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Friday, January 21, 2011

NOW, WHERE DID THAT COME FROM? PT2

In yesterday's example, I showed you how to trace an email back to it's point of origin. I made seem so easy, that the questions came in asking; "If it's that simple, Why can't you catch all those bad guys?" Well the example yesterday was a bit unusual. And was obviously written by someone who either was very inexperienced and unschooled as to the use of email headers, or she didn't care who found the pc that sent the message (It wasn't her computer to begin with).

A skilled email fraudster isn't so glib about loosing one of his OWNED systems. And generally uses a technique known as FORGED HEADERS to make source impossible to trace. 

Lets look at what a set of forged email headers might look like:
From collegebabe@aol.com  Mon Jun 7 16:54:12 2003
Return-Path: collegebabe@aol.com
Received: from trademeca.co.kr (unknown [211.219.20.86])
         by mail.someplace.com (Postfix) with SMTP id 2304964253A
         for ; Mon, 7 Jun 2004 16:54:10 -0500 (EST)
Received: from smtp0422.mail.yahoo.com (80.237.200.67)
         by trademeca.co.kr (211.219.20.86) with [Nmail V3.1 20010905(S)]
         for from ;
         Thu, 3 Jun 2004 15:55:00 +0900
Date: Thu, 3 Jun 2004 11:34:52 GMT
From: "Pamela" collegebabe@aol.com
Subject: Hey buddie! What's going on? 

The Received: headers tell the real story of this poor forgery, but you have to examine several of these to truly understand the details. This particular e-mail is identifiable because it doesn't make any sense for a person with an AOL account to use one of Yahoo's e-mail servers to relay e-mail through a server in the .kr top level domain, which is Korea.
Furthermore, a DNS lookup failed to find smtp0422.mail.yahoo.com, so this IP address doesn't exist. Even if it did, the IP address 80.237.200.67 belongs to a network in Germany, which I discovered by checking the online American Registry for Internet Numbers (ARIN) database. Chances are that collegebabe@aol.com had absolutely nothing to do with it. 
 
LET'S TRY ANOTHER


Delivered-To: NUNYA@gmail.com
Received: by 10.14.53.6 with SMTP id f6cs241029eec;
        Wed, 19 Jan 2011 17:25:50 -0800 (PST)
Return-Path:
Received-SPF: pass (google.com: domain of randomrights@gmail.com designates 10.150.54.8 as permitted sender) client-ip=10.150.54.8;
Authentication-Results: mr.google.com; spf=pass (google.com: domain of randomrights@gmail.com designates 10.150.54.8 as permitted sender) smtp.mail=randomrights@gmail.com; dkim=pass header.i=randomrights@gmail.com
Received: from mr.google.com ([10.150.54.8])
        by 10.150.54.8 with SMTP id c8mr1483694yba.350.1295486749756 (num_hops = 1);
        Wed, 19 Jan 2011 17:25:49 -0800 (PST)
DKIM-Signature: v=1; a=rsa-sha256; c=relaxed/relaxed;
        d=gmail.com; s=gamma;
        h=domainkey-signature:mime-version:date:message-id:subject:from:to
         :content-type;
        bh=HaPN8FFW++8MwYEugOSew94FjrPmlsWKi1gG+mbcHxU=;
        b=Xtge1v5RQnC/y+CkvV/WLbXhqBoQp4xc1ozy+a0+qBjDcGDuqwkFrchmbs2UClLC3F
         RXsfyCTauaL5V5Zu+Q9VASqqKGFB9nan2/wqYGFS0WEHEfDKGsBIAO2oeb4/UkSOuJs1
         RikipehrxIS+Ep1yq0GwxqjAT/tr++wjXr8ww=
DomainKey-Signature: a=rsa-sha1; c=nofws;
        d=gmail.com; s=gamma;
        h=mime-version:date:message-id:subject:from:to:content-type;
        b=DA3UCn1lbPa8czDANmPYLwzAa/TKfWJGuYUfIOyP056BpoLhA2Kme3kYwNgAtdll46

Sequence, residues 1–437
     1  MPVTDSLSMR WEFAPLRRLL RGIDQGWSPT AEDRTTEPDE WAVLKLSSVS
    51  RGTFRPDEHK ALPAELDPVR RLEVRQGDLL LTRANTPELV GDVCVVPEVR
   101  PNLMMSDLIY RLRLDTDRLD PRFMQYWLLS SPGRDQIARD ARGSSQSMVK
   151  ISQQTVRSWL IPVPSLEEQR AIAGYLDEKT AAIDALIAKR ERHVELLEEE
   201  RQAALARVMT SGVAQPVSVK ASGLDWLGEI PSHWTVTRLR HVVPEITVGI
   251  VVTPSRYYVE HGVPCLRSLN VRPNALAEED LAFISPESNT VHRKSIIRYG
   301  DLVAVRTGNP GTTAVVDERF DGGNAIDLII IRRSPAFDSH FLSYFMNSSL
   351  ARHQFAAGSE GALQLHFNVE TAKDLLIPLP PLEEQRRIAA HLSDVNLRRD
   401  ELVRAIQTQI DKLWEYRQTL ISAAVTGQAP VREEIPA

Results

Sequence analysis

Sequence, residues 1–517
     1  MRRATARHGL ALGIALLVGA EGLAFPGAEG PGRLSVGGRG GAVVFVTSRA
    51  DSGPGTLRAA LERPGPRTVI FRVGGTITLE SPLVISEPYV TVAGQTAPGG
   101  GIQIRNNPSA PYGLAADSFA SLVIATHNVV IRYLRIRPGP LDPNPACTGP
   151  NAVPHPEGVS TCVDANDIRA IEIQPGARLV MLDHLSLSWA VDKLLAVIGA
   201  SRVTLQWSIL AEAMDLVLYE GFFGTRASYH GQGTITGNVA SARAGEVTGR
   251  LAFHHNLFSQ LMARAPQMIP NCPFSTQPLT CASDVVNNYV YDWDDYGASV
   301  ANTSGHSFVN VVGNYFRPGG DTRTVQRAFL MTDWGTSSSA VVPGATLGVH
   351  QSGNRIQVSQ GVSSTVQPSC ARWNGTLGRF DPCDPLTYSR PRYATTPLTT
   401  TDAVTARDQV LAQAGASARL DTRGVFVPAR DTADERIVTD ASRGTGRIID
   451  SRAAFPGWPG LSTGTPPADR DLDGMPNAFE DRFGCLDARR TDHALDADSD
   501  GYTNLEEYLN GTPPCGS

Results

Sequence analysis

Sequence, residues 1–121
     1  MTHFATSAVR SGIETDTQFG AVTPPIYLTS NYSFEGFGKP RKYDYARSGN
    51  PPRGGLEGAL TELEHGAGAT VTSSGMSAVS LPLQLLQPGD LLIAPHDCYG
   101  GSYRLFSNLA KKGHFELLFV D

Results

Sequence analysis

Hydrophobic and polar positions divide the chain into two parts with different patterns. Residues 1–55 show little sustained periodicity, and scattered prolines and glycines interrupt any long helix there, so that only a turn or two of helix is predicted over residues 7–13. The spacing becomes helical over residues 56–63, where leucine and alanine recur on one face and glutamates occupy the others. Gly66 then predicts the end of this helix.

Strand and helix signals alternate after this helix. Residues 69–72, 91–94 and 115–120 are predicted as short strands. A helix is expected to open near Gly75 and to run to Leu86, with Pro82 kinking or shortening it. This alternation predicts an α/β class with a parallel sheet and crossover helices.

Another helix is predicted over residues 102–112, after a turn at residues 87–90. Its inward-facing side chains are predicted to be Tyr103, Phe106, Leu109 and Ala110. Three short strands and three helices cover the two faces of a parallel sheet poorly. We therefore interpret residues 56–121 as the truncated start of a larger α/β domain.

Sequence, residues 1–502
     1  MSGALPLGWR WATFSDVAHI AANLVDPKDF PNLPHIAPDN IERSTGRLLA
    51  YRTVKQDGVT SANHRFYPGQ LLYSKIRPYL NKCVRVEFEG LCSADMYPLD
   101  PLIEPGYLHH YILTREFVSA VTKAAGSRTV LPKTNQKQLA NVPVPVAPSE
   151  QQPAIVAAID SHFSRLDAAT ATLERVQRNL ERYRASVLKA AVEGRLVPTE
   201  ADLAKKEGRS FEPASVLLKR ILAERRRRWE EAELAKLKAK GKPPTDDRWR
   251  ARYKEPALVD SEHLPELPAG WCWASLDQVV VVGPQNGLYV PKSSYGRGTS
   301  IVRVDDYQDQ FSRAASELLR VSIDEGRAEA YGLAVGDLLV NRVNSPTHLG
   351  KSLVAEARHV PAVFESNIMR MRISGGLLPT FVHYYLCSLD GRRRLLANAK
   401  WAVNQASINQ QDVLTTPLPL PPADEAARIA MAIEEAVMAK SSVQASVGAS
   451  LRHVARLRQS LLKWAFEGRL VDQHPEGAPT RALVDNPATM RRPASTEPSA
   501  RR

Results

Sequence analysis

RU9sy/SR+bw9yctvG0ua0+qS6swO7HJ/5eqPAQboIWc6hYilCIxlenDFfnAxVfN3OjV2
         myseLjasj0Zml3IoFwy9gQiJ1iXbX9GNoAU7k=
MIME-Version: 1.0
Received: by 10.150.54.8 with SMTP id c8mr1483694yba.350.1295486749743; Wed,
 19 Jan 2011 17:25:49 -0800 (PST)
Received: by 10.147.125.13 with HTTP; Wed, 19 Jan 2011 17:25:49 -0800 (PST)
Date: Wed, 19 Jan 2011 20:25:49 -0500
Message-ID:
Subject: here goes.......
From: random
To: NUNYA@gmail.com
Content-Type: multipart/alternative; boundary=00151748df088799af049a3d036f

--00151748df088799af049a3d036f
Content-Type: text/plain; charset=ISO-8859-1


In this elaborately forged example, the person appears to be trying to put so much info, no one will want to drag through all of it to find the give away. However, with only a tertiary knowledge of  internet communication protocols, you will immediately notice the impossibility of this being a legitimate message.

1. There are several RECIEVED BY: 10.150.54.8 and 10.147.125.13 but they don't follow protocol, because they don't have a corresponding FROM: statement.


2. NOTICE THAT EVERY IP ADDRESS LISTED IS IN THE CLASS "A" ADDRESS AREA 10.0.0.0

10.14.53.6
10.150.54.8
10.147.125.13

Addresses in this range are reserved for a special purpose. And while it may be perfectly legitimate for the recipient's address to be in this range. In fact it's also possible for the sender to have a 10.0.0.0 address. Outside of your private network, a 10.0.0.0 address is not routable, and no legitimate SMTP SERVER will have a 10.0.0.0 address.

So, while these messages cannot be traced back to their source. At least you know that the message was sent by a person with intent to defraud you.

What's that you say? 
You don't have a degree in Computer Science? 
You have no idea what a CLASS "A" ADDRESS is? 
Before yesterday you never heard of EMAIL HEADERS?
Isn't there some little software program that will parse an email header for me?

Yes! you're in luck

DOWNLOAD SAM SPADE 1.14
click HERE



BE SAFE OUT THERE. THE INTERNET HAS A DARKSIDE.

4 comments:

Marnie said...

This is very interesting. I have learned something new here. You should start a 101 type post like this once a week. Thanks!

UBERMOUTH said...

I agree with Marnie. This is fascinating as is your knowledge of such things,which I would like to see more posts on.

How do we work the Sam Spade, Kurt?

Just telling it like it is said...

What would we do without you?

Adrie Kovic said...

Very informative! :D